Talking too much about an incident, especially with individuals not affected by it can be damaging to an investigation and can even result in legal action. Employees that could have been helpful to an investigation may clam up after being forewarned about what is going on. If a person has been accused of something and finds out because of a rumour, the individual may also have grounds for a libel case.

Use Disciplinary Tools Wisely

In many cases, employers are tempted to immediately dismiss anyone accused of wrongdoing, but this may be the wrong approach. If someone made an honest mistake that had affected others unfavourably, coaching may be more helpful and change the situation rather than dismissal. If employees have engaged in violence, predatory behaviour, or theft, dismissal is appropriate after the incident has been investigated adequately.

Dealing with an employee grievance can be daunting if you don’t know how to handle the situation correctly. HR Revolution are here to help you every step of the way, from the initial advice through to running the entire process for you, so if you don’t know where to start why not give us a call +44 203 538 5311 or email us info@hrrevolution.co.uk

Remember getting the process wrong, can result in costly repercussions for your business, so let’s get it right, together!

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How to conduct a disciplinary hearing – an employer checklist

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If as an employer you decide that there is a disciplinary case for an employee to answer, which can relate to performance, attendance, misconduct, to name a few, then a disciplinary hearing should be arranged.

It is important that the employee is given the chance to put their case forward in response to the allegations, and that a fair process is followed when preparing for, and conducting, the hearing.

Here, we set out a checklist that employers need to follow to ensure that disciplinary hearings are conducted fairly.
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  1. Ensure that the basic principles of fairness are followed throughout the disciplinary procedure.
  2. Ensure that someone who is not involved in the case is appointed to take notes on the proceedings.
  3. Outline the procedure to be followed during the hearing and introduce the parties taking part.
  4. Set out the case against the employee.
  5. Ask the employee questions to ascertain the facts of the case and allow him or her a full and fair opportunity to state their side of events, explain his or her conduct and state any mitigating factors.
  6. Conclude the hearing or adjourn it if new matters are raised that need investigating.
  7. Weigh up the evidence and decide whether or not a disciplinary sanction is appropriate and, if so, what it should be?
  8. Inform the employee of the decision, the reasons for it and their right to appeal.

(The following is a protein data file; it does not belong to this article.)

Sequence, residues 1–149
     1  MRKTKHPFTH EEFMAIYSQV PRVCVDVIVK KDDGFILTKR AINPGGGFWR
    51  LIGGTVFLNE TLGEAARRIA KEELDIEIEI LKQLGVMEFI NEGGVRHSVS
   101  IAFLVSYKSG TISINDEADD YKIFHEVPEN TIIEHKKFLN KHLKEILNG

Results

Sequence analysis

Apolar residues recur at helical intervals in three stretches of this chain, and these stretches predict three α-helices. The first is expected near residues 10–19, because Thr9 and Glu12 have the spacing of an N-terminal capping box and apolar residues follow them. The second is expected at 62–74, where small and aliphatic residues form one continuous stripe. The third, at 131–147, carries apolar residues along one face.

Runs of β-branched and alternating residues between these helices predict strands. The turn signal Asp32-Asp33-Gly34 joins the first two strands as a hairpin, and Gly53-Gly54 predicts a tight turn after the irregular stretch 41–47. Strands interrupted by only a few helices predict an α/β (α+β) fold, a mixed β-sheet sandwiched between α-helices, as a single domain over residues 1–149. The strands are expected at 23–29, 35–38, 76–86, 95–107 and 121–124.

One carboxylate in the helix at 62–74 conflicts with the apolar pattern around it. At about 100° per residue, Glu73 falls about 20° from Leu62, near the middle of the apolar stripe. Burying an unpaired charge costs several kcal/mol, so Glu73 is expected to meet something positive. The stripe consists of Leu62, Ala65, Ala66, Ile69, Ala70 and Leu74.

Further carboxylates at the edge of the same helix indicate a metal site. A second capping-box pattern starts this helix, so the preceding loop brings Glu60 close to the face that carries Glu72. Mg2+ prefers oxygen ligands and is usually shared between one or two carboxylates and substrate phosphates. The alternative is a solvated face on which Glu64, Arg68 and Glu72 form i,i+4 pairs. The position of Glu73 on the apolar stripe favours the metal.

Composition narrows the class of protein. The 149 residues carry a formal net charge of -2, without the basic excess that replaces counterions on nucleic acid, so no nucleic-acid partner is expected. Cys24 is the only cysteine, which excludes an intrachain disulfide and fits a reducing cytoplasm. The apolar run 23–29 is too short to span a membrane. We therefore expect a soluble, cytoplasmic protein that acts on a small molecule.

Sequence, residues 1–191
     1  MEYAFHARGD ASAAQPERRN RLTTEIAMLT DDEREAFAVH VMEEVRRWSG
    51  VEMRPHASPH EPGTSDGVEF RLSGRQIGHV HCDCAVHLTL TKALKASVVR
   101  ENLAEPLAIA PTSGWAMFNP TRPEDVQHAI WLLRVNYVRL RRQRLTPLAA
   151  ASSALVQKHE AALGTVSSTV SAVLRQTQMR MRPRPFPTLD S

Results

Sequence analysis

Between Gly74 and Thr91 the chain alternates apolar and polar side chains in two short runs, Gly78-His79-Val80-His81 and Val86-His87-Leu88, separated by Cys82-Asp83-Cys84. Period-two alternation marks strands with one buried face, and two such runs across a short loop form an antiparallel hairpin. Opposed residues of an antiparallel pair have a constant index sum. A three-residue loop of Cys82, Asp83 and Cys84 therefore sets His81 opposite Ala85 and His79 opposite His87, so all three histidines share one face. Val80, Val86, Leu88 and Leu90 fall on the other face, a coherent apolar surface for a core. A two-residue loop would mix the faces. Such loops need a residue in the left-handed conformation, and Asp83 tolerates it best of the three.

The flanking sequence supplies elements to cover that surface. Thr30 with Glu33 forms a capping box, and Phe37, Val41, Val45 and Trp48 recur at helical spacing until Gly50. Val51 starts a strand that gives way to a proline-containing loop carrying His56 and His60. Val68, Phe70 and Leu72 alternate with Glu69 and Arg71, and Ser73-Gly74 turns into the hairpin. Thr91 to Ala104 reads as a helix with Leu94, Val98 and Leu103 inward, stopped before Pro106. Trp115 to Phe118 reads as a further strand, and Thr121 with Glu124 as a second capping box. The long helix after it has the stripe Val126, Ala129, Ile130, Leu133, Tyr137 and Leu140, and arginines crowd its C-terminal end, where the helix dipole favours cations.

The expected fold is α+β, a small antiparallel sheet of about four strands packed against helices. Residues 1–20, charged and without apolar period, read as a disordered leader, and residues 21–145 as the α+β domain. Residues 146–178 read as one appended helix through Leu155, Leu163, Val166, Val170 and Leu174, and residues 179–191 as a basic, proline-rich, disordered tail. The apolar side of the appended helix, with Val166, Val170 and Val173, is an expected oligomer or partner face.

Remember, this is a formal process and must be followed correctly to avoid potential costly repercussions for your business!

If you have read the above and feel a bit out of your depth with whole process, contact HR Revolution, we are friendly expert HR professionals who can help you resolve any disciplinary issues whilst supporting your employees and minimising any risk to your business.

Give us a call today +44 203 538 5311 or email: info@hrrevolution.co.uk we look forward to hearing from you.

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6 signs it may be time to initiate a disciplinary

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Disciplining an employee is always a difficult decision for an employer or manager to face and equally being disciplined is one of the most stressful things that can happen in a person’s life, so taking this decision can weigh on a someone’s conscience. However, disciplinary action can sometimes be necessary to maintain the health of a business and the satisfaction of its workforce.

Before making a final decision about whether to go down the disciplinary route with an employee, it can be helpful to have some guidelines to distinguish between an employee that needs extra help and one where disciplinary action is necessary.

Habitual Lateness and Absence

If lateness or absence is a perpetual problem with an employee, it’s important to first speak with them to establish whether there may be personal problems that can be addressed with scheduling changes or other means, before making the decision to initiate the disciplinary process.  However, if these types of conversations have not resolved the issues, it will be time to follow the formal disciplinary process.

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Noticeable Apathy

Apathy can be a sign that an employee isn’t feeling challenged enough, but it can also be a sign that an employee has given up on a company or is considering leaving. Before assuming that an employee has given up on their job, try to find out whether they are feeling unchallenged or whether they are overwhelmed and inadequately prepared to handle tasks. A simple conversation can often be instrumental in identifying the source.